Suspect A Genius In Mathematics Kaczynski Astounded Professors By Solving Problems They Couldn’t Touch
He was a diligent student who excelled in math, solving problems that baffled even his college professors. His flair for numbers took him to the nation’s most elite schools.
Former classmates and teachers say Theodore John Kaczynski, 53, a former University of California at Berkeley mathematics professor, first showed signs of his academic and analytical skills as a teenager when he attended Evergreen Park High School, south of Chicago.
He was a National Merit scholarship finalist, a member of the German, math and coin clubs and played in the band in high school. Classmates said they remember little of him, however.
“Isn’t he the profile? The quiet kid that you never know what he’s thinking?” said Donna Bergeron, who was among 181 students in the school’s class of ‘58.
“He was very, very bright and he received a scholarship to Harvard,” said state Rep. Maureen Murphy, a Republican who represents Evergreen Park.
She said neighbors told her the family took weekend trips to museums. “They were into star-gazing, they were very proeducation and he was very, very talented,” she said.
After finishing high school in three years, he attended Harvard University, graduating in 1962 when he was 20.
He then moved to the University of Michigan, where he received a master’s degree in 1964 and a doctorate in 1967, both in mathematics. His dissertation was titled “Boundary Functions,” according to school officials.
George Piranian, a Michigan mathematics professor emeritus who taught Kaczynski, said he was “a very serious student. Very able.”
“I respected him very highly,” said Piranian, 81, who hasn’t talked to Kaczynski since 1967. “I know other members of the faculty had great respect for him.”
Piranian said Kaczynski was able to solve a problem that had stymied both the professor and a colleague.
“I mentioned it in class and Kaczynski picked up the ball and ran like hell,” the professor recalled. “Hurrah! I never would have accomplished what he could. This happens every so often, that you find a student in your class who runs circles around you. I’m proud to have known him.”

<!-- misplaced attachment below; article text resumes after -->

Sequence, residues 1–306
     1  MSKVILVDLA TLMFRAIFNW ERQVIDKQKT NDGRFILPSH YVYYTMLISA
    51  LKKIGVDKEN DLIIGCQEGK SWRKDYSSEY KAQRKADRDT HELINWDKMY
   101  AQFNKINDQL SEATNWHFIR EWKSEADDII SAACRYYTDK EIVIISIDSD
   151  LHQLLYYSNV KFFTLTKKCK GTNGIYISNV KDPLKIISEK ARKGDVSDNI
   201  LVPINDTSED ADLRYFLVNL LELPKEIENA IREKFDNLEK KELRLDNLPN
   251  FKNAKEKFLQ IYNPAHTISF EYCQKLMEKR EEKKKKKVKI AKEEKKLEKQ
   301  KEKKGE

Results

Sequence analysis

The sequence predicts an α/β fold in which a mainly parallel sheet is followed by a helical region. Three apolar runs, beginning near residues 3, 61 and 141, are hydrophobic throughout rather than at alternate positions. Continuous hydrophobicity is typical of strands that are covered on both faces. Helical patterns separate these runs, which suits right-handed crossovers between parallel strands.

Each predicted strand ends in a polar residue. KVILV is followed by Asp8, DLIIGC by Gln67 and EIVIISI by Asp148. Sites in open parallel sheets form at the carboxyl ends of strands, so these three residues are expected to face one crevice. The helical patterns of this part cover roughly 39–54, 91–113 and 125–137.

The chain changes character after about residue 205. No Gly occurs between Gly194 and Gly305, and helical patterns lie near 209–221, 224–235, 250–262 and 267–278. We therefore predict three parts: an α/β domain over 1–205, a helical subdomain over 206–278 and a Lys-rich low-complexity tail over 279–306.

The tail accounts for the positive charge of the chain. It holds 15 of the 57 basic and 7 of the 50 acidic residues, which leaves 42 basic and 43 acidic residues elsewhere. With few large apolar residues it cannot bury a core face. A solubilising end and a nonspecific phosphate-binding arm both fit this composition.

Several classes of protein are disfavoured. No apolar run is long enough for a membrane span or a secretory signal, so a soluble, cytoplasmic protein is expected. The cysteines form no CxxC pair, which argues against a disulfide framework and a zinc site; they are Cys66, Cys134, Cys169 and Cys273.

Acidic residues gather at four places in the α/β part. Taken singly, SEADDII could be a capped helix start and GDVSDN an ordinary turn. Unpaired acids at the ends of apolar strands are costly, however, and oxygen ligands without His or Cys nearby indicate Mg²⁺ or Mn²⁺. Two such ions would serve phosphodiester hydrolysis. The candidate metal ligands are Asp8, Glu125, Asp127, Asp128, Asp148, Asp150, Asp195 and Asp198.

Peter Duren, a Michigan math professor who served on Kaczynski’s thesis committee, said he was very meticulous.
“He wrote much more detail than necessary, the proofs to his theorems were much more detailed than necessary,” Duren said. “He would deliver sheaves of handwritten, neatly written manuscript, all finished by the time he showed it to his thesis adviser. He was very impressive, and we all expected him to go on to bigger things in research.”
Kaczynski moved out West and became an assistant professor of mathematics at the University of California at Berkeley in the 1967-68 school year, according to Harvard and Berkeley records.
A Unabomber victim, retired Cal-Berkeley professor Diogenes Angelokos, told The Spokesman-Review he never knew Kaczynski.
Angelokos, a professor in electrical engineering, was injured by a 1982 bomb that exploded in a university faculty lounge.
Kaczynski resigned in June 1969 but school officials said there was no indication why he left.
In Schenectady, N.Y., home to Kaczynski’s brother, David, neighbor Mary Ann Welch said Kaczynski’s mother, Wanda Dombek, talked about Theodore occasionally, describing him as an “isolationist” who lived in a one-room house in the wilderness.
“She told me he was a professor at a college in California, and that he saved his money so he could move out to Montana and live off the land,” said Welch.
When Dombek visited Montana, Welch said, she preferred to stay in a hotel rather than with her son in his 12-by-16 foot tarpaper shack without electricity or plumbing.